Shoulder ROM Improves with Long-Term Follow-Up after Brachial Plexus Nerve Reconstruction
Jung-Pan Wang, MD, PhD; Steve Lee, MD; Scott Wolfe, MD
Hand, Upper Extremity, and Microsurgery, Hospital for Special Surgery, New York, NY
Introduction: There is general agreement among brachial plexus surgeons that patients’ muscular recovery plateaus within 2-3 years after reconstructive surgery. We were unable to find literature to document objective improvement of strength and range of motion following adult brachial plexus reconstruction after this arbitrary 2-3 year window. We hypothesized that patients who underwent brachial plexus re-innervation would continue to gain strength and ROM beyond 2-3 years of follow-up.
Materials and Methods: Six male patients who had undergone plexus reconstruction prior to 2005 at our institution were available for clinical examination at 10 or more years postoperatively. The average age at the time of operation was 41 years (range 17-73). The mean preoperative time was 175.3 days. Two cases presented with C5-C6 paralysis, three cases presented with complete five level injuries, and one case presented with isolated axillary nerve injury. The average time for long-term follow-up was 9.4 years (range 5-15.5). Functional evaluation was based on the assessment of active range of motion (ROM) in degrees and the British Medical Research Council (BMRC) scale for muscle strength.
Results: We compared shoulder and elbow BMRC grade and ROM in patients who underwent plexus surgery at 2 years and average 9.4 years follow-up. EMG confirmed re-innervation of all target muscles at an average of 9 months postoperatively. Average shoulder abduction was 45±11 degrees (range 20-80) at 2 years postoperatively as compared to 90±31 degrees (range 30-160) at 9.4 years postoperatively, and average shoulder BMRC grade increased from 3.3 (range 3-4) at 2 years to 3.9 (range 3-4.5) at final follow-up. Average elbow ROM increased from 102±40 (range 0-140) degrees at 2 years to 124±19 (range 90-140) degrees at 9.4 years, and average elbow BMRC grade increased from 3.3±1 (range 0-4.5) at 2 years to 3.9 (range 2-4.5) at final follow-up. Overall, shoulder abduction showed statistically significant improvement in the 9.4 year follow-up group when compared to the 2 year follow-up group (p<0.05, Fisher’s exact tests).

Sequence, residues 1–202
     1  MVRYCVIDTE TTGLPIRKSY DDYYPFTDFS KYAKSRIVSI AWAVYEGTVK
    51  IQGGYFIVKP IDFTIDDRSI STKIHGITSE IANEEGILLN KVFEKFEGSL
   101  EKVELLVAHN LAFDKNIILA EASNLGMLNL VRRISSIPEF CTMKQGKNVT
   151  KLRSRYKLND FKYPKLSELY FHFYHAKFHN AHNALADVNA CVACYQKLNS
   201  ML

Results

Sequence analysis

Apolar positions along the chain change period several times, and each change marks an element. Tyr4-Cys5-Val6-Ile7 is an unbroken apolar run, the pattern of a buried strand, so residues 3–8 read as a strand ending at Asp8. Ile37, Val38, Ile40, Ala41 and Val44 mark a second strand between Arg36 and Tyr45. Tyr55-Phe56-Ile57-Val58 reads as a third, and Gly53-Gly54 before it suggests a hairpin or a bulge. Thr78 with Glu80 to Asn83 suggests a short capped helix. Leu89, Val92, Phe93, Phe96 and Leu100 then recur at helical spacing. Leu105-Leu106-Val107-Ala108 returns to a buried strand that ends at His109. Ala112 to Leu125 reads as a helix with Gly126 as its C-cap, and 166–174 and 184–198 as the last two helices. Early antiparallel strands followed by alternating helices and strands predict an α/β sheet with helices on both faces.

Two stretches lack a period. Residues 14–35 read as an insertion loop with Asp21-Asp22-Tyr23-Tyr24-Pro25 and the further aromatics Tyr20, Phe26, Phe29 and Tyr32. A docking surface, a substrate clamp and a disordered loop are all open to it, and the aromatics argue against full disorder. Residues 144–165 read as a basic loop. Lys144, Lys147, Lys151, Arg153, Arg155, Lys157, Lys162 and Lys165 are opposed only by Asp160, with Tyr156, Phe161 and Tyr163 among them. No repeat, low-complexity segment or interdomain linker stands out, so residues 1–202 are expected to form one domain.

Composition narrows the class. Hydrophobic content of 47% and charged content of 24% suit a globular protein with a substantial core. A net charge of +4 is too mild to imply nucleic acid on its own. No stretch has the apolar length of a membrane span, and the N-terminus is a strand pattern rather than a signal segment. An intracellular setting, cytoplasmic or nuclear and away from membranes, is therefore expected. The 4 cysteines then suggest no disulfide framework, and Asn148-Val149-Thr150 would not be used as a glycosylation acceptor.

Conclusion: We conclude that patients continue to gain range of motion and strength well after 2-3 years of follow-up, contrary to conventional opinion. While the precise mechanism is not known, it is likely due to terminal collateral sprouting, or to an unknown or as yet undescribed mechanism. We recommend that patients be encouraged to continue strengthening exercises well after the initial recovery period, and that more long-term data be collected to expand upon these observations.
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